Continuing Education Activity
The Apley grind test, also known as the Apley compression test or the Apley test, is a maneuver performed to evaluate for meniscus injury. Clinicians usually perform it in conjunction with the Apley distraction test, which assesses for ligamentous injury. Meniscal injuries are very common and are associated with significant pain and morbidity. This activity describes the Apley grind test and its indications and contraindications and highlights the role of the interprofessional team in the management of patients with meniscus injuries.
- Describe how the Apley grind test is performed.
- Review the implications of pain with compression during the Apley grind test.
- Summarize the contraindications to the Apley grind test.
- Explain strategies to optimize care coordination among interprofessional team members to improve outcomes for patients affected by meniscus injuries.
Apley grind test (Apley compression test) is a maneuver performed to evaluate for meniscus injury. This test derives its name from the British orthopedic surgeon, Dr. Alan Graham Apley. Usually, clinicians conduct it in conjunction with the Apley distraction test. Meniscal injuries are very common and correlate with significant pain and morbidity. It is a common reason for missed time from school, sports, and work. Meniscal injuries are very uncommon in children younger than ten years old. Males are afflicted more commonly than females, and the assumption is that this relates to males engaging in more activities involving rotational injuries, for example, contact sports. No race or ethnicity is more prone to meniscal injury. Prompt diagnosis of these injuries with the proper physical exam, provocative tests such as Apley grind test and Apley distraction test, as well as advanced imaging such as MRI (magnetic resonance imaging), is essential to provide appropriate treatment and a positive outcome for patients.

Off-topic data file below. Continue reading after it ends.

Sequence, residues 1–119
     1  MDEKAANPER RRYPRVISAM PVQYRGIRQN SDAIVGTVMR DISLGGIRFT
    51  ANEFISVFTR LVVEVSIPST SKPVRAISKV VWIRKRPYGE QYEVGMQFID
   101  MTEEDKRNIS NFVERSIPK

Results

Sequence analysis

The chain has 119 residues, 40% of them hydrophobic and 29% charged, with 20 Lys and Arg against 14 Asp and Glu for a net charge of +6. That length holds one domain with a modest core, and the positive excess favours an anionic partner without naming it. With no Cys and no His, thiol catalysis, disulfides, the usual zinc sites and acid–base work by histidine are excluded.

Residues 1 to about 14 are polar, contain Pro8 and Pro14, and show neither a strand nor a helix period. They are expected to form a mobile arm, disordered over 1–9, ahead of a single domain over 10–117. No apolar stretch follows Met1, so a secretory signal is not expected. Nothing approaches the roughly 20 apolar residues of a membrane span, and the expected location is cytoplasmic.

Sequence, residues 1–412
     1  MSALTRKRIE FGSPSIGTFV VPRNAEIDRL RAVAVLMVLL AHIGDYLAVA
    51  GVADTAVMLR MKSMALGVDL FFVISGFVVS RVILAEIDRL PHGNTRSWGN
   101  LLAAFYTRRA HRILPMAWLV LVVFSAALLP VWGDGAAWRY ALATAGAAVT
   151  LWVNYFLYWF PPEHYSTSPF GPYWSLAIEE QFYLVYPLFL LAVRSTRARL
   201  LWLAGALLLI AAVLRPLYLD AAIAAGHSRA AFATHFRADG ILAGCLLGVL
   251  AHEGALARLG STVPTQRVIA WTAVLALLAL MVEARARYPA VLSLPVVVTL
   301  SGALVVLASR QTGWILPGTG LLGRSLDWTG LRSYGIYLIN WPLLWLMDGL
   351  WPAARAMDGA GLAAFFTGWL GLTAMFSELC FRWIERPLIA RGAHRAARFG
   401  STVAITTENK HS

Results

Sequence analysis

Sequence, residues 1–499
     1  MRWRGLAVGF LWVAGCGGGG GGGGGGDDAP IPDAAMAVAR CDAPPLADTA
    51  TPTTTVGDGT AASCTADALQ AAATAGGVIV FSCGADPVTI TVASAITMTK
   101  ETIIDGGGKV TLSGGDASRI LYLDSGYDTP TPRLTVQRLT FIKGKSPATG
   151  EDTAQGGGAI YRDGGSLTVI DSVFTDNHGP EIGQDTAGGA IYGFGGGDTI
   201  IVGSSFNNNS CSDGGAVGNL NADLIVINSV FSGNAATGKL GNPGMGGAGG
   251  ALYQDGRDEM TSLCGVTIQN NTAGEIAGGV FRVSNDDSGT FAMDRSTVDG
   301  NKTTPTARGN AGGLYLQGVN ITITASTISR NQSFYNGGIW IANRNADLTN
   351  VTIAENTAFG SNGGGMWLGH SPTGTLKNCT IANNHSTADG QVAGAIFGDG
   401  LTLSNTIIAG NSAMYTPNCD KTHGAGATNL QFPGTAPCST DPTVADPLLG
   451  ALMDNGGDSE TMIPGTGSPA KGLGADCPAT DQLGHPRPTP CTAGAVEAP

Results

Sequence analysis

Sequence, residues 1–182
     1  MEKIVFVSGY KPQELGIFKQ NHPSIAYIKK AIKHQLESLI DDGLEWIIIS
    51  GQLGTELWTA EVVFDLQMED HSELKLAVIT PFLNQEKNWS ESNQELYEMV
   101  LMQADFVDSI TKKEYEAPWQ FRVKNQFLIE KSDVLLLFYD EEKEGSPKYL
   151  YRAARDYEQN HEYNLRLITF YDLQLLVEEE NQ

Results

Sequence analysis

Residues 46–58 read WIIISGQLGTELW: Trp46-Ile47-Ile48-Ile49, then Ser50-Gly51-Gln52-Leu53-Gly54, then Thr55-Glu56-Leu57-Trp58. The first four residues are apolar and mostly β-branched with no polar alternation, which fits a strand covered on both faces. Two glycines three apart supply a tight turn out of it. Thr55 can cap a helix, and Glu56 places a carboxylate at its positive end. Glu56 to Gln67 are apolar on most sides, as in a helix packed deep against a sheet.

Anatomy and Physiology
The meniscus is a C-shaped cartilage that serves as a cushion between the proximal tibia and the distal femur, comprising the knee joint. The average width is 10 mm to 12 mm, and the average thickness is 4 mm to 5 mm. The meniscus is made of fibroelastic cartilage. It is an interlacing network of collagen, glycoproteins, proteoglycan, and cellular elements, and is about 70% water. Three ligaments attach to the meniscus. The coronary ligaments connect the meniscus peripherally. The transverse (inter-meniscal) ligament is anterior and serves as a connection between the medial and lateral meniscus. The meniscofemoral ligament joins the meniscus to the posterior cruciate ligament (PCL) and has two components: the Humphrey ligament anteriorly, and the ligament of Wrisberg posteriorly. The meniscofemoral ligament originates from the posterior horn of the lateral meniscus. The meniscus is supplied blood from the medial inferior genicular artery and the lateral inferior genicular artery. The meniscus is known to have a very poor blood supply, especially the central portion, which gets most of its nutrition via diffusion. The cartilage structure of the meniscus serves as a shock absorber and cushion or for the knee joint. There are several types of possible tears of the meniscus. These include flap tear, radial tear, horizontal cleavage, bucket handle tear, longitudinal tear, and degenerative tear.
An injury to the meniscus should be suspected when a patient presents with knee pain, particularly after a twisting type injury when the foot is planted on the ground. This injury can happen with or without an external force applied to the knee. Usually, pain presents along the knee joint line. Common patient complaints include pain and mechanical complaints such as locking, clicking, catching, locking, or inability to extend the knee fully. Commonly, these injuries occur with accompanying ligamentous injuries. When a force is applied to the lateral knee, it can result in an injury complex the "unhappy triad." This group of injuries includes damage to the medial meniscus or lateral meniscus with concomitant injury to the anterior cruciate ligament (ACL) and the medial collateral ligament (MCL). During an orthopedic and physical examination, joint line tenderness, joint effusion, and impaired range of motion are common findings.